08 February 2013 11:35 [Source: ICIS news]
SINGAPORE (ICIS)--European and Japanese shipping firms are collaborating with the United Nations (UN) on a program to promote job creation in Somalia to address the problem of high-sea piracy at the roots, Anglo-Dutch energy firm Shell said on Friday.
The shipping arms of Shell and UK energy major BP, along with Maersk, Stena, and Japanese maritime firms NYK, MOL and “K” Line are leading the initiative, in cooperation with the UN Development Programme (UNDP), Shell said in a statement.
“Our hope is that this shipping industry led initiative will help lay the foundation for a future generation in Somalia that has choices and no longer supports or condones piracy,” Shell said.
Most pirate attacks on ships traversing the Gulf of Aden in the Indian Ocean – a key route for commodities trading – were committed by Somalians, which were driven to the crime because of poverty.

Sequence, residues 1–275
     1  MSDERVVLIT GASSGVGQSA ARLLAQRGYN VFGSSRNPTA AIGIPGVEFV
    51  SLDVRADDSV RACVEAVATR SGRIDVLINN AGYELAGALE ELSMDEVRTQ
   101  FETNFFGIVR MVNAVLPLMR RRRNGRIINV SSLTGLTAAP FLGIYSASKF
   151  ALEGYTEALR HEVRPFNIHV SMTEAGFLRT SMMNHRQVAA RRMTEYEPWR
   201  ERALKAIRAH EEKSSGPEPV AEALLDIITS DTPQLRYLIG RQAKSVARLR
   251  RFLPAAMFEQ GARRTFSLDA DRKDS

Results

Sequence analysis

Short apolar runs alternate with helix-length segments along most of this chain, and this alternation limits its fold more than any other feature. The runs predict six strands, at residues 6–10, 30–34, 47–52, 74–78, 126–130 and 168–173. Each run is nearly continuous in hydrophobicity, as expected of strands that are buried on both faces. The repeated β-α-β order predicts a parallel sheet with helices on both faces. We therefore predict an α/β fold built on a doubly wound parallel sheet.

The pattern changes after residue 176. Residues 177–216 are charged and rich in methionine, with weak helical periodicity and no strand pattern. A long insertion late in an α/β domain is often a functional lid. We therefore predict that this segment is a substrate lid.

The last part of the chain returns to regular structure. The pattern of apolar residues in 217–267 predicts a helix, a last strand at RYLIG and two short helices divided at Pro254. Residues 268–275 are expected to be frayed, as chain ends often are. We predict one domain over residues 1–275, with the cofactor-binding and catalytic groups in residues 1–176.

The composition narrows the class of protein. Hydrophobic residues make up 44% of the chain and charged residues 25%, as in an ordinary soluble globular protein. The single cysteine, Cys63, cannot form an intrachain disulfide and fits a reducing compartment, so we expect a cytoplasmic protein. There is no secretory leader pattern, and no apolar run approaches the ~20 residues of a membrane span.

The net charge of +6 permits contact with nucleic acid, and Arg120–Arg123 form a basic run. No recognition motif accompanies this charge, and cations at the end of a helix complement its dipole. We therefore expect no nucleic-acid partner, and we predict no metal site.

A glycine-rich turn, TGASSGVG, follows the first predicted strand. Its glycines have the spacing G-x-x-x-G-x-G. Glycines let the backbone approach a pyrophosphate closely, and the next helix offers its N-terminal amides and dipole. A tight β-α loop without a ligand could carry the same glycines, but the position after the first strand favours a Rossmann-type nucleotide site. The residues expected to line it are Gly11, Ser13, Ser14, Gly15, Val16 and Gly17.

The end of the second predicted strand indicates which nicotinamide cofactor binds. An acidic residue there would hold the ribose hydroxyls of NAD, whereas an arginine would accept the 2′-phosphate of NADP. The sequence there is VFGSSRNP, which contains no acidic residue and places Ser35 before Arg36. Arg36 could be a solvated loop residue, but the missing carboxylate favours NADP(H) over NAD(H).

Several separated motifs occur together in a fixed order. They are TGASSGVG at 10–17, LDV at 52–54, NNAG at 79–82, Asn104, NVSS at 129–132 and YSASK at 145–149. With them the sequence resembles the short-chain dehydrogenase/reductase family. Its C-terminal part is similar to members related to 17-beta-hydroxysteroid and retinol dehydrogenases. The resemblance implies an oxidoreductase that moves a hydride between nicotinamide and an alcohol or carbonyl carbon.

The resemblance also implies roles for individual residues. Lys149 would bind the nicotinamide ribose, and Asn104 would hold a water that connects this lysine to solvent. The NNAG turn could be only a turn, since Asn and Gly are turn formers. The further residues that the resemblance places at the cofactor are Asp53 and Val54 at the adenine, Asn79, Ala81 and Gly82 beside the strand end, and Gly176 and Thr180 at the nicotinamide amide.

The UNDP has an existing project in Somalia called “Alternative Livelihoods to Piracy in Puntland and Central regions” that is aligned with the objective of the shipping industry.
“By working with the UNDP to help provide alternative livelihoods we hope to support local communities and help reduce the threat to seafarers in the area,” said Grahaeme Henderson, vice president at Shell Shipping in the statement.
The initiative launched in February last year was designed to “make a contribution to the rebuilding of a stable Somalia and thus reduce the risk of piracy to seafarers in the Indian Ocean”, Shell said.
“The shipping industry initiative will provide additional funding of $1.5m to support other capacity building projects in Somalia and this will be the subject of a further announcement,” Shell added.
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